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Padding enables the CPU to access the members faster. If they are not aligned (say to word boundaries), then accessing them might take up more time. So the padding results in faster access. This is also required to ensure that alignment properties are preserved when an array of contiguous structures is allocated. Even if the structure is not part of an array, the end padding remains, so that sizeof() can always return a consistent size.

# Question 6

Can we determine the offset of a field within a structure and directly access that element?
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The offsetof() macro() does exactly this.

A probable implementation of the macro is

#defineÂ offsetof(type,Â mem)Â ((size_t)((charÂ *)&((typeÂ *)0)->memÂ -Â (charÂ *)(typeÂ *)0))

This can be used as follows. The offset of field a in struct mystruct is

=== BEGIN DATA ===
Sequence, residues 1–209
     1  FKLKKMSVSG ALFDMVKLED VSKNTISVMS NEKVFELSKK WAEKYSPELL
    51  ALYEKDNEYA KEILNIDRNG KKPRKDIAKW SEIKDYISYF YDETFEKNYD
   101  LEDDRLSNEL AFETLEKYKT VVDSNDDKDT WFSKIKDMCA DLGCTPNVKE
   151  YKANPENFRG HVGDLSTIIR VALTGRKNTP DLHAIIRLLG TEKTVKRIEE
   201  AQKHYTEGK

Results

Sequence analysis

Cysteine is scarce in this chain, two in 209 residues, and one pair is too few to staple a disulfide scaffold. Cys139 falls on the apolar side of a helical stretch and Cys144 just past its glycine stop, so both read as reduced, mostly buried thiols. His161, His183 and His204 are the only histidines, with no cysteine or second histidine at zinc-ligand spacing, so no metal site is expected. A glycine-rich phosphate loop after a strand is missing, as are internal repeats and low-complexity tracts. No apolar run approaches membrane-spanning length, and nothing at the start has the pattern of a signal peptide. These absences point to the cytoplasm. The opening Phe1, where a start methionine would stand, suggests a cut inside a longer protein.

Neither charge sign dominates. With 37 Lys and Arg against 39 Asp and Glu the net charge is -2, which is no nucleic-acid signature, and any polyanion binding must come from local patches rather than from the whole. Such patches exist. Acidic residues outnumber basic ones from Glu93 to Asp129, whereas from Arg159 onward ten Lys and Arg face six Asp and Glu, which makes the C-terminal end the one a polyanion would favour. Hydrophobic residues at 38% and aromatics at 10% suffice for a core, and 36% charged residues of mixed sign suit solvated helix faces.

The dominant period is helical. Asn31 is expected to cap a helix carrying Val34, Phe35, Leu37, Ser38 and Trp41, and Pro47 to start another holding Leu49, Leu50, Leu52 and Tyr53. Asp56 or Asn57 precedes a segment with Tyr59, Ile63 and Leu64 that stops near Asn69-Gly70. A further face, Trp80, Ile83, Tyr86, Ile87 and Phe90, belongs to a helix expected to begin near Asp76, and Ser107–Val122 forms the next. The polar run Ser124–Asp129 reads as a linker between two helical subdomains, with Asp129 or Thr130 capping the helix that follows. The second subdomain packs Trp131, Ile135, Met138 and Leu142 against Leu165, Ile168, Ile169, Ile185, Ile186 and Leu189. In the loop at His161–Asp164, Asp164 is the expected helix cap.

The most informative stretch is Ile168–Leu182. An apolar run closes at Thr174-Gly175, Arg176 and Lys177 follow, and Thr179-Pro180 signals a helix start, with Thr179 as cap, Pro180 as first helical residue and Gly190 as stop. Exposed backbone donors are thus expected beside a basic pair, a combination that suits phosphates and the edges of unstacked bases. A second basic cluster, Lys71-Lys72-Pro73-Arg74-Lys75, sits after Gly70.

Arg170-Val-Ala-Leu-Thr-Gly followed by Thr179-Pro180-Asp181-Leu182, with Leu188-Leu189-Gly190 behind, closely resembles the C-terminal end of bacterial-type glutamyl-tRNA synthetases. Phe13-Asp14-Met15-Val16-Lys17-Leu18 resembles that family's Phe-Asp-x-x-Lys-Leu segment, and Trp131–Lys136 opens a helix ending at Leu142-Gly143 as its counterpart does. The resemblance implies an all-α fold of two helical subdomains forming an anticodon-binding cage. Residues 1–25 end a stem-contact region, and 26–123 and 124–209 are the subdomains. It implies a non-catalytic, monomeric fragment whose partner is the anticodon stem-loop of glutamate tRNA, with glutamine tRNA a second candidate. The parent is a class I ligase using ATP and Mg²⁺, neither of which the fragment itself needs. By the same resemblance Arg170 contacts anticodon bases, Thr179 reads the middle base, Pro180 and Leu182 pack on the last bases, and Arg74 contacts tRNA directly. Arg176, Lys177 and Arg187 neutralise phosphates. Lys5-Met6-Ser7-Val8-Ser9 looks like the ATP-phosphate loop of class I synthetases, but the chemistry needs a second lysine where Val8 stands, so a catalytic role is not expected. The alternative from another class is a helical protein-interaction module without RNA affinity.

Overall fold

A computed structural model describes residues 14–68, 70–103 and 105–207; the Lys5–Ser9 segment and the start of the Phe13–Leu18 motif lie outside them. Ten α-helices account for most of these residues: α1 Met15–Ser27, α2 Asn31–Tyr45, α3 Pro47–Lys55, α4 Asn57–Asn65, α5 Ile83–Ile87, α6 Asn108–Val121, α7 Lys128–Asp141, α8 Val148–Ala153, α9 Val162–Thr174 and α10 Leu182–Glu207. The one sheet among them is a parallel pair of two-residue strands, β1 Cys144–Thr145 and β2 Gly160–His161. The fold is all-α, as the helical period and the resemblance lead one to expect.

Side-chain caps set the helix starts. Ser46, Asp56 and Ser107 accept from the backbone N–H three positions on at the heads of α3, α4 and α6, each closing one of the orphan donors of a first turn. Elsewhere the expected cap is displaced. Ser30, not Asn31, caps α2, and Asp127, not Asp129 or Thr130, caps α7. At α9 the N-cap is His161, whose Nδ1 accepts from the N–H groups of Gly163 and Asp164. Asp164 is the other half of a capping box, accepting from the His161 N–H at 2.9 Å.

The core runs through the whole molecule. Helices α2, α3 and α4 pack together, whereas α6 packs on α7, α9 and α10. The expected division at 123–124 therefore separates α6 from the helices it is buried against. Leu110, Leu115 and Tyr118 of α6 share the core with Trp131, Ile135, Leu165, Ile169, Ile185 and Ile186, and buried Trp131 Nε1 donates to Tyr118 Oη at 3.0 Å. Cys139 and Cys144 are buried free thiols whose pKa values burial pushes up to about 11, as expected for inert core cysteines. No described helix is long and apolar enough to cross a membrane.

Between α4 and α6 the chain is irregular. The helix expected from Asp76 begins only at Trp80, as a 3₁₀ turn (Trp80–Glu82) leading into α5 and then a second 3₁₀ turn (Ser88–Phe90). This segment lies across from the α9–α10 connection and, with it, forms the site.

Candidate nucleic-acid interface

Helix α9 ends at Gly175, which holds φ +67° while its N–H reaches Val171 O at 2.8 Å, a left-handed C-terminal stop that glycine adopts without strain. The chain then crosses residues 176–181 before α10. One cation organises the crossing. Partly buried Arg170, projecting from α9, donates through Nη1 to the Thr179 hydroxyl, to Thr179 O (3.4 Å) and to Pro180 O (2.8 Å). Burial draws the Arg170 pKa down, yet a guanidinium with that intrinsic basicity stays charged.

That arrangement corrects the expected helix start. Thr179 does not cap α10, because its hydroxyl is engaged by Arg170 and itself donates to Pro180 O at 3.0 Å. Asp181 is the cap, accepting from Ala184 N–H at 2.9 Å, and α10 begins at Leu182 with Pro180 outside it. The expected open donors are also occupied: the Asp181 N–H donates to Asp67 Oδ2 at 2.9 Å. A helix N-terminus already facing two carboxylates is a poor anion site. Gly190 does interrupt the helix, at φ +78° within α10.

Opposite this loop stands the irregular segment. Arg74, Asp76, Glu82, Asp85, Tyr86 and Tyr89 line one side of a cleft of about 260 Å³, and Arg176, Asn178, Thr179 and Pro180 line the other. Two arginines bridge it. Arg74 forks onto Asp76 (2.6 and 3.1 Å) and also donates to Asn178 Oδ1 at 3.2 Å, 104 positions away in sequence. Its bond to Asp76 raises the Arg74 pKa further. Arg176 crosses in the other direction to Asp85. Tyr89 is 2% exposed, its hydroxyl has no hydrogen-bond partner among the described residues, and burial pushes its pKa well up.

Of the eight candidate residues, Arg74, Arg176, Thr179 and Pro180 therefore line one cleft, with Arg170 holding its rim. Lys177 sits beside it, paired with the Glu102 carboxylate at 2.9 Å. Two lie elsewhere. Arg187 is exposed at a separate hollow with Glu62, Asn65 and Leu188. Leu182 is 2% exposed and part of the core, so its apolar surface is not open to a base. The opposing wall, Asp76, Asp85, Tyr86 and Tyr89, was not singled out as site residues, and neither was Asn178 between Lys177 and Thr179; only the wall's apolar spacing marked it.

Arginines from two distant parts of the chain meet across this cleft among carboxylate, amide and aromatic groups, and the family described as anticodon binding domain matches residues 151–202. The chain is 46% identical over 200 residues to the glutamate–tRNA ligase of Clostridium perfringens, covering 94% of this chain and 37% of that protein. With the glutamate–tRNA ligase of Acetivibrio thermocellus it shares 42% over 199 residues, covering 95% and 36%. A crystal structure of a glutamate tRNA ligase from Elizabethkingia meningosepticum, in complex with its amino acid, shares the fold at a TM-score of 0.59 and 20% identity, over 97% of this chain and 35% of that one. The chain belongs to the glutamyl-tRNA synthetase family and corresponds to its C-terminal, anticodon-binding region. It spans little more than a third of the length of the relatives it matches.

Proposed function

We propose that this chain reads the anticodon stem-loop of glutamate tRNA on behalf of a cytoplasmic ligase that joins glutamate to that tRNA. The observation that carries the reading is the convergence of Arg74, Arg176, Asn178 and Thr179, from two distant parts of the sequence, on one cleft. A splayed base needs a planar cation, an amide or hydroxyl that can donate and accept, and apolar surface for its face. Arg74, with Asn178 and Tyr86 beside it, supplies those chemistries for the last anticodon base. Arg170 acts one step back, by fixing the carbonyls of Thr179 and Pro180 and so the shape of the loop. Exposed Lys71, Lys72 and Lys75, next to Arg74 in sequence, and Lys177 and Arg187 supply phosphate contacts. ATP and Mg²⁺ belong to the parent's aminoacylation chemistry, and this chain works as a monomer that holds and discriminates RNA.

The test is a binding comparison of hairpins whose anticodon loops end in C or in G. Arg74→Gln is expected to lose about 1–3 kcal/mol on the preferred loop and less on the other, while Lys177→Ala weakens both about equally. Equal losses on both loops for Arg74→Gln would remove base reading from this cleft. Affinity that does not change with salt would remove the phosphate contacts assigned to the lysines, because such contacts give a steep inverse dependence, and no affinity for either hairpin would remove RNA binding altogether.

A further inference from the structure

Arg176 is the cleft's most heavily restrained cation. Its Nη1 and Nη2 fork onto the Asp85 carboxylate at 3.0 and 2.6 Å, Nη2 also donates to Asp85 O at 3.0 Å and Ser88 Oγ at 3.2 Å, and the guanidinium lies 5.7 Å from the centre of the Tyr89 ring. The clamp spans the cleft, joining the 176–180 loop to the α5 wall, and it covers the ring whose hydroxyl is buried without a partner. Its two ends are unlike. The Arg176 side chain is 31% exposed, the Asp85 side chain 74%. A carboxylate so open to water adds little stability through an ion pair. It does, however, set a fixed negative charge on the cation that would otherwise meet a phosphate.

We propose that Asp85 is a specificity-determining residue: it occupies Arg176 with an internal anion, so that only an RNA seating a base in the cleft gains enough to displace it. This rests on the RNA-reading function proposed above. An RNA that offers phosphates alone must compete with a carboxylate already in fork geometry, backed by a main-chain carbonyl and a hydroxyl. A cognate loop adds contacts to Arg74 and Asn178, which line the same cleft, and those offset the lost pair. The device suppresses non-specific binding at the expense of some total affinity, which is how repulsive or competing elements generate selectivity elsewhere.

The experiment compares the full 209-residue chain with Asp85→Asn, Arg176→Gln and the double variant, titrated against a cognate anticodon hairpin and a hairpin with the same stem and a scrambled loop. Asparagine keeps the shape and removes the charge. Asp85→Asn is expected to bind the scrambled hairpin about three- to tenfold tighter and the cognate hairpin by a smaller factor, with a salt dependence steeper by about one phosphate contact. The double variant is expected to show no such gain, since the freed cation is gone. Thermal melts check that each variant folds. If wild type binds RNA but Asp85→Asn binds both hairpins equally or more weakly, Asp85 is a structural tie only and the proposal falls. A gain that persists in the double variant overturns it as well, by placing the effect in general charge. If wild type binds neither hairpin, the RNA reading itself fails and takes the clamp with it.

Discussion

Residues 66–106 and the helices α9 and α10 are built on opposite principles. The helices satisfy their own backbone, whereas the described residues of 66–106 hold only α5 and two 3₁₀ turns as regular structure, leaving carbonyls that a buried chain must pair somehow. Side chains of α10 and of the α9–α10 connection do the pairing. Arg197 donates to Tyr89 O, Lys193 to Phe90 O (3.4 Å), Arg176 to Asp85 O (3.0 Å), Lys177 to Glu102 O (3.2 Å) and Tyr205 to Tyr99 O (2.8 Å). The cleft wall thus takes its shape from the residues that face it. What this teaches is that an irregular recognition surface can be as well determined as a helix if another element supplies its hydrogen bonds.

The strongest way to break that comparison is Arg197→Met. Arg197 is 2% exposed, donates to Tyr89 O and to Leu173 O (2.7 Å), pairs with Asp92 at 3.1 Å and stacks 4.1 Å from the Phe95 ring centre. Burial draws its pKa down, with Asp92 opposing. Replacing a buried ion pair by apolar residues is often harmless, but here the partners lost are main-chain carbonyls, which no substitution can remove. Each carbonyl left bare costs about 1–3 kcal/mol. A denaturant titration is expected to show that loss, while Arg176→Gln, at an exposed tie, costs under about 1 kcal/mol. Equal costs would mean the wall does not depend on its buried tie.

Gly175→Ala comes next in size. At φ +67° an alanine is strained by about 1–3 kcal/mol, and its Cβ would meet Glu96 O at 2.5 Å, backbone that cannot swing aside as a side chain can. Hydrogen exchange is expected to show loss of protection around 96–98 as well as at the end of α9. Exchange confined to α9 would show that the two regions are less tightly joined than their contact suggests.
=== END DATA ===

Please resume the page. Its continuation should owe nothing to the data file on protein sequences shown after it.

offset_of_aÂ =Â offsetof(structÂ mystruct,Â a)

If structpointer is a pointer to an instance of this structure, and field a is an int, its value can be set indirectly with

*(intÂ *)((charÂ *)structpointerÂ +Â offset_of_a)Â =Â some_value;

# Question 7

What are bit fields in structures?
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To avoid wastage of memory in structures, a group of bits can be packed together into an integer and its called a bit field.

structÂ tag-name { Â Â Â Â data-typeÂ name1:bit-length; Â Â Â Â data-typeÂ name2:bit-length; Â Â Â Â ... Â Â Â Â ... Â Â Â Â data-typeÂ nameN:bit-length; }

A real example

structÂ student; { Â Â Â charÂ name[30]; Â Â Â unsignedÂ sex:1; Â Â Â unsignedÂ age:5; Â Â Â unsignedÂ rollno:7; Â Â Â unsignedÂ branch:2;Â Â Â  }; structÂ studentÂ a[100]; scanf("%d",Â &sex); a[i].sex=sex;

There are some limitations with respect to these bit fields, however: